If you haven’t seen Stranger Things --- wasn’t that a clever pun in my lead paragraph? he asked in the pathetically neurotic way writers do when they seek approval/validation, which is most of the time, by the way --- the aforementioned lead paragraph means nothing, so allow me a word or six to explain:
Stranger Things is a Netflix series just finished its second season. Set in 1983/84 in the imaginary town of Hawkins, Indiana, it focuses on the adventures of five nerdy young teens who must deal with all sorts of unpleasant/horrific consequences when one of them unintentionally opens a gateway to another, malevolent dimension (well, actually, is forced to open it by a shadowy, nasty government agency of the sort we’ve become all too familiar with in film and literature, the last 30 years or so). While not a particularly original concept --- people who enjoyed The X Files or Fringe will find Stranger Things familiar --- it’s well told, the child actors in particular being both believable and excellent.
But here’s the rub, as Will would say: if these kids were 14 or so in 1983… in real life, they would be, as I said, 49 in 2018. Well into careers, marriages, kids of their own, joys, sorrows --- you know, the Whole Damn Thing. Which is, if you’ll pardon my saying so, a strange thing and really ties in to Will’s quote: And so, from hour to hour, we ripe and ripe, and then, from hour to hour, we rot and rot; and thereby hangs a tale. Ain’t you just a bundle o’ joy today, Will.
And thereby hangs a tale i.e. it got me thinking: how should writers portray characters aging?
(Assuming we simply don’t make them immortal, of course… which is, frankly, cheating a bit. Why? Because we immediately lose part of our connection to immortal characters. How could we not? They’re gonna be around long after us mere mortals have turned to dust, so they can’t appreciate the mayfly nature of our lives --- the slings and arrows of our passing existence until it’s “out, out, brief candle,” to quote Will again. For example, Elrond is an interesting character in Lord of the Rings --- he’s also, by the way, Aragorn’s multi-great uncle --- but being immortal, he doesn’t have the same investment in Middle Earth’s problems that folks like Frodo do. It’s the same thing with Wonder Woman’s immortality: I’m glad Gal Gadot doesn’t age a day in the 100 years between Wonder Woman’s main events and the conclusion that takes place in modern times --- it’d be a crying shame to see that beauty wither --- but it does mean Diana Prince will neither know nor ever really comprehend our lives and the aches and pains of getting old. And even if romantic interest Steve Trevor hadn’t conveniently died at the film’s climax, he would have long since bought the farm due to old age… so a long-term relationship with Diana wouldn’t really be in the cards. Like I said, think mayflies.)
In many stories, because the plot focuses on one pivotal period in a character’s life, aging isn’t an issue. When we look at events ranging from hours to a year or two, it’s generally not a big factor. It only becomes so if the story in question spans years or decades. But there, it can seem creepy or awkward when writers bring it in. In the final Harry Potter book, for example, we’re treated --- if that’s really the word --- to a conclusion where adult married couples Harry/Ginny and Hermione/Ron are at the train station, sending their kids off to Hogwarts. The book scene was awkward enough, but the film version is truly creepy… seeing Harry et al transformed into these fleshy, middle-aged mums and dads… a little less lithe, a little more used up by the vicissitudes of life… eww. Yeah, I know it happens to us all: I see it daily in the mirror, and as Miracle Max said, “thank you so much for bringing up such a painful subject. While you're at it, why don't you give me a nice paper cut and pour lemon juice on it?” My point is, yes, we all age. But do we have to be/want to be reminded of it in story characters? Interesting question… and personally, as you can see, I’m a little conflicted by it.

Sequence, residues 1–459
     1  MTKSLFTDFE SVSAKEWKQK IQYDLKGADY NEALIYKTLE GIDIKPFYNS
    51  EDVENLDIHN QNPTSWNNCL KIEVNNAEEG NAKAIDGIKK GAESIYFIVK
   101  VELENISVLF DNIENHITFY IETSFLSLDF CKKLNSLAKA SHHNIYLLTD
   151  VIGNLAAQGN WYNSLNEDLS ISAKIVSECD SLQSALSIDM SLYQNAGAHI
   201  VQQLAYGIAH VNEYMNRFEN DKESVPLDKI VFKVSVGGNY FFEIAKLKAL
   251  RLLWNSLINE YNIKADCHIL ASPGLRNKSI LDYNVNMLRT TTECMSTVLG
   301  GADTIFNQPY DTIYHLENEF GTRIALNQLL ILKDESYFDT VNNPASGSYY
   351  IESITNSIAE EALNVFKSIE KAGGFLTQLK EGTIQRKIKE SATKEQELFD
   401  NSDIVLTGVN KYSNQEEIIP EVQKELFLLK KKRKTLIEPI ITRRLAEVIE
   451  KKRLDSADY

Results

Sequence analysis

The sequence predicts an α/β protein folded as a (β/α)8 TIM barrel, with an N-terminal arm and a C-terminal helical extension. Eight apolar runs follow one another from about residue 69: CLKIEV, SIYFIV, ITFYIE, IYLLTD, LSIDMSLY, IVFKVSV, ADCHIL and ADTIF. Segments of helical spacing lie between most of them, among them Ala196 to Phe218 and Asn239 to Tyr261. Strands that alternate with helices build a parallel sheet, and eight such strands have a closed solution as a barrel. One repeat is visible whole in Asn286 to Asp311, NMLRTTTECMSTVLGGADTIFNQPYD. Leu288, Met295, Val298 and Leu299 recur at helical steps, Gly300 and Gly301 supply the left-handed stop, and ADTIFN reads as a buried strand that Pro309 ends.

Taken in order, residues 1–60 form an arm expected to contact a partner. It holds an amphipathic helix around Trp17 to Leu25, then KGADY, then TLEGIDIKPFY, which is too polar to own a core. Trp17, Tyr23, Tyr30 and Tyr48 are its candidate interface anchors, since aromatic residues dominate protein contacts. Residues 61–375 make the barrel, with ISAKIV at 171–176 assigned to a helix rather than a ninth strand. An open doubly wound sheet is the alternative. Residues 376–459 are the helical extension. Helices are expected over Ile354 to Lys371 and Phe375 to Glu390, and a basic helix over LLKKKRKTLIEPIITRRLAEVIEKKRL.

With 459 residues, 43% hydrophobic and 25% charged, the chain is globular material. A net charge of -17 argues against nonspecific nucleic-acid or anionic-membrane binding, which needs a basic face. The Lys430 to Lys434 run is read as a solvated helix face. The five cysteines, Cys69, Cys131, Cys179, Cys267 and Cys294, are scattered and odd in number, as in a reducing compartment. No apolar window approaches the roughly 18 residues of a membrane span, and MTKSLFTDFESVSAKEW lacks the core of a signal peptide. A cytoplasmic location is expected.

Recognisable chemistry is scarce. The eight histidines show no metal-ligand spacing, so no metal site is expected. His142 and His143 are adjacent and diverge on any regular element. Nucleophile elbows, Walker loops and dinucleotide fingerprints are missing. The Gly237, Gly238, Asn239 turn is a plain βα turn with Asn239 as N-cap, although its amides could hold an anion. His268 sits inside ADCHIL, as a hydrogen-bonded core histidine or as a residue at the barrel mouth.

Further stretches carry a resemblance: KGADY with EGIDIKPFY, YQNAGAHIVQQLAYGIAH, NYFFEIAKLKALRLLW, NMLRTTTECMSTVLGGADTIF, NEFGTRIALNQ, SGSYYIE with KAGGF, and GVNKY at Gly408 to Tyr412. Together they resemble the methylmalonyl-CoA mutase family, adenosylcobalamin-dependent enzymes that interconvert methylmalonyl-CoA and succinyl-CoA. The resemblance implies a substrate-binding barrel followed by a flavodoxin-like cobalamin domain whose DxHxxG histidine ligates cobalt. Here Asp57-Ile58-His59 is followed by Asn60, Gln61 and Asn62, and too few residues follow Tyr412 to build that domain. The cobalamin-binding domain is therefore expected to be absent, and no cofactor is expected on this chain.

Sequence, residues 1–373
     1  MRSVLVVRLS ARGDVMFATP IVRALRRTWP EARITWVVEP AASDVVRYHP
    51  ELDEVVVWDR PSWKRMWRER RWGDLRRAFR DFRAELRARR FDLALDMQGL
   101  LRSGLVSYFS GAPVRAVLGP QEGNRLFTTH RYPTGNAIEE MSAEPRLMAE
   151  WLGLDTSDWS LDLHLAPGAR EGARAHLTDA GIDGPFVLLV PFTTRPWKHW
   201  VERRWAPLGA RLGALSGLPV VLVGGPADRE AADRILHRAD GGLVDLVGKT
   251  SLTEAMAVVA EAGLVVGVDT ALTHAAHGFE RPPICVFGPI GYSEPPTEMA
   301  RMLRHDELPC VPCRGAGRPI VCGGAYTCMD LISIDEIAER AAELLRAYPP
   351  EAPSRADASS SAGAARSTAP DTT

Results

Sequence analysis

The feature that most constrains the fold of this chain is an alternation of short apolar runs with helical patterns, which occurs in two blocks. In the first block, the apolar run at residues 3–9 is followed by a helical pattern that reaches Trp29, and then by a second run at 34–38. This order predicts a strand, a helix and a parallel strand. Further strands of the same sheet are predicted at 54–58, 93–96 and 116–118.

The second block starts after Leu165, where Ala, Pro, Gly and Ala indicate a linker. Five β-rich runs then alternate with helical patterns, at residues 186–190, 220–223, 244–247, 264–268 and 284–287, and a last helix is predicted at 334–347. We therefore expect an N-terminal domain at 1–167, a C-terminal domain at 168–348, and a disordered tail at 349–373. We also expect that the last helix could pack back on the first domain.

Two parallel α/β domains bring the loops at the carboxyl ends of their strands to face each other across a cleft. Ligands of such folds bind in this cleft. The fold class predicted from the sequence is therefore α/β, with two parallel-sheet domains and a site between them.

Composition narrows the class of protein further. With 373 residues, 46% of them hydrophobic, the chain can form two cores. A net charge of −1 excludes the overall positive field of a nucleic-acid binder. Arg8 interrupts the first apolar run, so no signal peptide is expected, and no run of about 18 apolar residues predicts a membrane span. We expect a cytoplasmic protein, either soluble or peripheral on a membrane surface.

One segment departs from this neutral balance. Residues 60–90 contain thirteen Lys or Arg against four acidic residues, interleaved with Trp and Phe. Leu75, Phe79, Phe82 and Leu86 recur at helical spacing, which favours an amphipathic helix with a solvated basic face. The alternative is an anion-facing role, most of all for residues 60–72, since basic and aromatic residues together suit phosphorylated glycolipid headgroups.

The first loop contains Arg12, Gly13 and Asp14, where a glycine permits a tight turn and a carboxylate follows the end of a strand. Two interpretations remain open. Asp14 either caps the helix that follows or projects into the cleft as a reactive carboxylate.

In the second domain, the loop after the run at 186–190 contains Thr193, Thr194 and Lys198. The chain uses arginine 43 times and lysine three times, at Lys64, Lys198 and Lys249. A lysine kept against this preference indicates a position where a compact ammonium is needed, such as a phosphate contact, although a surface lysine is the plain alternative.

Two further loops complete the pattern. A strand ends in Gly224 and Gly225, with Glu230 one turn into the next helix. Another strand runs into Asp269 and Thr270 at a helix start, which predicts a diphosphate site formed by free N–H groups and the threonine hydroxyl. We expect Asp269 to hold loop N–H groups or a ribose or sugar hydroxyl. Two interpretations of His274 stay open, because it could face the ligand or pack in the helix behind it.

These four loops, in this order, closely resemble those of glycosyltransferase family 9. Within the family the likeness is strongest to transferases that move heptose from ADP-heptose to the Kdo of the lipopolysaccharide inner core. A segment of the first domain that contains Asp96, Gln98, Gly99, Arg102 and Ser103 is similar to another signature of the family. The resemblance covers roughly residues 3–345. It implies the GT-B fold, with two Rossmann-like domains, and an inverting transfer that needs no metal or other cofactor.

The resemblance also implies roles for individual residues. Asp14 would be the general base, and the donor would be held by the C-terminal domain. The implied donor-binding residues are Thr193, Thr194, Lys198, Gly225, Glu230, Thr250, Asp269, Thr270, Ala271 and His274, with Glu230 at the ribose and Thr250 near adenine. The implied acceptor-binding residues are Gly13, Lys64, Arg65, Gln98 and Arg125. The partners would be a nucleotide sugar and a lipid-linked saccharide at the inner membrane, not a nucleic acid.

Sometimes, writers ignore the issue altogether. In Diana Gabaldon’s Outlander series, the two protagonists, Jamie and time-travelling Claire, are separated at book 2’s conclusion, and at book 3’s beginning, it’s been 20 years since they saw each other last. Ms. Gabaldon doesn’t exactly spend a lot of time dwelling on how the two have aged --- it certainly doesn’t seem to have affected their libidos at all, he said, rolling his eyes --- and I was curious to see how the Starz TV series would address the matter. To my amusement… essentially, they don’t. They make a half-hearted attempt to age the characters before they reunite, but since then, have pretty much ignored the inconvenient fact that the 30-something Jamie and Claire of the first two seasons are now 50-somethings --- at a time where most humans didn’t live to see 50-something… or if they did, looked a lot older than 50-something.
Does it matter? Should it?
Well, as the old saying goes, the reader must decide. And the writer, too, I guess. In the meantime, since he’s a little more upbeat than Will on the subject, maybe we should leave the final words to Jack Lewis: Autumn is really the best of the seasons; and I'm not sure that old age isn't the best part of life.